Stakeholders in the Waterford area need to get together and plan for the future success of the region so as to take advantage of the coming huge investment in infrastructure, says prominent architect, businessman and Freeman of Waterford City, Nicky Fewer.

He firmly believes more forward planning is needed to assess where the city and county are today, relative to other regional capitals. Speaking exclusively to the Munster Express, Mr. Fewer said we needed to join the dots on all the various initiatives and make the most of the investment opportunities.

He noted that there had been much moaning of late because of the withdrawal of the buyer from the North Quays development site. But he pointed to the many positive signs ahead. Waterford needed to grow organically from where it was today and the prospects were very bright. A city’s success, or that of the region, was due to a number of factors.

According to Mr. Fewer, high consumer demand during the Celtic Tiger period of the economy has led to much investment in retail, both in the city and on the periphery like Ferrybank. 2. Public capital investment came through for the new bypass and dual carriageway to Dublin. He was recently invited on an air flight over the Southern Cross on the north side of the River Suir where Granagh bridge is located and noted what marvellous progress had been achieved on the new bypass. 3. Rail and airport investment will also be crucial and we are on course for extra trains to Dublin and a new expanded airport runway to be constructed for early 2010. 4. The expansion of Waterford Institute of Technology and possible upgrade to university status is also positive. 5. There will also be self serving investments from independent business operations which will prove positive. This could be for industry, property investment or tourism.

5 . The Waterside at the Gasworks, Railway Square, plans for the Waterford Stanley site in Bilberry and other developments along the Ring Road were all positive moves forward.

However, Mr. Fewer feels that this all needs to be pieced together and joined up in terms of thinking and strategy. The various stakeholders needed to get together and assemble a strategy for the region that made the maximum opportunity of those new advantages.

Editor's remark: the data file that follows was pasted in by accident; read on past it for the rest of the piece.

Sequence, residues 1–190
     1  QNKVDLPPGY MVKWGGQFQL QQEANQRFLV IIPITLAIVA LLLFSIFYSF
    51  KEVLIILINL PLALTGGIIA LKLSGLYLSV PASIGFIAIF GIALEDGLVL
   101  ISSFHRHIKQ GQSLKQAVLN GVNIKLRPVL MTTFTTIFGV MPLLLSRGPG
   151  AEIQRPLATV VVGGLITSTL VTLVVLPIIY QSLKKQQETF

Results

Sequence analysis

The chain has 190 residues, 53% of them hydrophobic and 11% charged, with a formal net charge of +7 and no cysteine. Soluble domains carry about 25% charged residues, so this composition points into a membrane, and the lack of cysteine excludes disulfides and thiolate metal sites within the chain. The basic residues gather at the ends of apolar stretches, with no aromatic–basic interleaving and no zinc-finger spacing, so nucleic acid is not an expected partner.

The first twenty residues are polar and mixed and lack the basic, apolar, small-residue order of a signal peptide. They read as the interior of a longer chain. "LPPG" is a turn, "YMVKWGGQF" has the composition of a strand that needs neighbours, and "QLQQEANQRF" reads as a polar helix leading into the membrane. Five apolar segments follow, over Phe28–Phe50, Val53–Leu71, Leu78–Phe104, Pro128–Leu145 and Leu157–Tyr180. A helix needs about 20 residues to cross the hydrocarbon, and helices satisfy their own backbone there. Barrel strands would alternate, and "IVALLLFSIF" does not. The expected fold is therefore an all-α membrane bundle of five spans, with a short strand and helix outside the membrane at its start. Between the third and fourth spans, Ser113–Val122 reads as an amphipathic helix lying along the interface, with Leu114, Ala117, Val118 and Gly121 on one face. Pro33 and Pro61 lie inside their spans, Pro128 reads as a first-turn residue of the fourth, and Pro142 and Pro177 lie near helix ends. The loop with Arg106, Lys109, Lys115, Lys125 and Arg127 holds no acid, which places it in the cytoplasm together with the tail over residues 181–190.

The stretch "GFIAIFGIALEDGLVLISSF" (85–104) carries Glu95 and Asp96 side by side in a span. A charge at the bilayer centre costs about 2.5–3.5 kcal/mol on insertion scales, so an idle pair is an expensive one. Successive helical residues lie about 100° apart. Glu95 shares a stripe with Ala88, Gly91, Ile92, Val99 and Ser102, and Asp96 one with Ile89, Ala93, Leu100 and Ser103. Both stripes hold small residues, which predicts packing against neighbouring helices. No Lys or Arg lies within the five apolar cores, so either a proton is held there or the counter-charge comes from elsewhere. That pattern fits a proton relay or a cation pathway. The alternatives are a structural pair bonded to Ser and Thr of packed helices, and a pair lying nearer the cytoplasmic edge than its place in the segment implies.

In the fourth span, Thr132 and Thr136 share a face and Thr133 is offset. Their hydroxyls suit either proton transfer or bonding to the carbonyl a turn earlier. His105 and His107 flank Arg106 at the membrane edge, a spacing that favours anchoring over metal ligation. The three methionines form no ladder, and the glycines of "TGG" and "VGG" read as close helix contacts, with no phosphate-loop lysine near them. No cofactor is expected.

New vision and more branding

The whole brand of Waterford and the region needed to be reviewed to see how we could crystalise this terrific opportunity. The brand could cover tourism, education, industry, service, retail and the general positive quality of life that is available 100 miles from the capital Dublin. An added incentive is that it will soon be possible to access Dublin in less than two hours by car or ninety minutes by direct train from Plunkett to Heuston.

A new generation of people were out there now who thought differently and who wanted to invest and make Waterford better than it was today. Nicky says these people are working and investing and are possessed with tremendous vision and enthusiasm for the future. They will strive to ensure that Waterford can compete with other centres in Ireland and Europe.

Very significant projects are planned for the future, including the racecourse in Tramore, golf courses in the county and city centre developments. There is an opportunity for Waterford to move rapidly and become a centre of regional growth and achieve its significant potential appropriate for its size and stature.

“The population will grow to 180,000 from 120,000 in 10 years so we need to be positive and not complain as much and see what is coming up. We should think in terms of the commuter belt and a 120,000 population and not just 45,000”, he declared.

We needed to think beyond points of political tension like the Borough boundary on the north side and the west side with the county and, instead, see the area working together.

All the various pieces of infrastructure, whether it be a better train service, airport, city bypass, a shopping centre or new tourism facilities, added to an improved asset base for the region and built on the cumulative list that was already there.


“If we think back to the year 1975, the second bridge was still being debated”, he pointed out. But now we had a well planned compact city around two rivers, the John’s river and the Suir. From Carriganore to Bilberry and Granagh to Ferrybank, then onto the southern side with the Regional Hosptial, the John’s River / Gasworks area to Railway Square then onto Waterford Crystal to WIT and then the Ring Road. Within that compact area the city was very manageable for the future growth.

Good connectivity and a good spread of resources should see Waterford compete well internationally, he believes. A city can be built in a certain way to make the most of its potential. “We now have that opportunity”, feels Nicky, “and we need the stakeholders to get together, to establish fact-finding missions and see what else is out there in Europe or elsewhere so that we can make the most for the future of this generation and of the ones to come.”

“We need to think differently and more positively and seek new ways of work

whether it be in pharma or in the financial sector serving Dublin or other major cities but retaining the quality of life that would attract the highly skilled labour that is needed today. It is important to have the right critical mass that is needed for a successful city and region and we are so close to achieving that”, said Mr. Fewer.

He also believes strongly that Waterford Regional Airport affords an opportunity to create more inward tourism from Holland, France and the UK where there are now good, onward flight connections. Interested parties in Tourism needed to work together, something that had been achieved in Cork and Kerry where the advantage of Cork Airport were being utilised.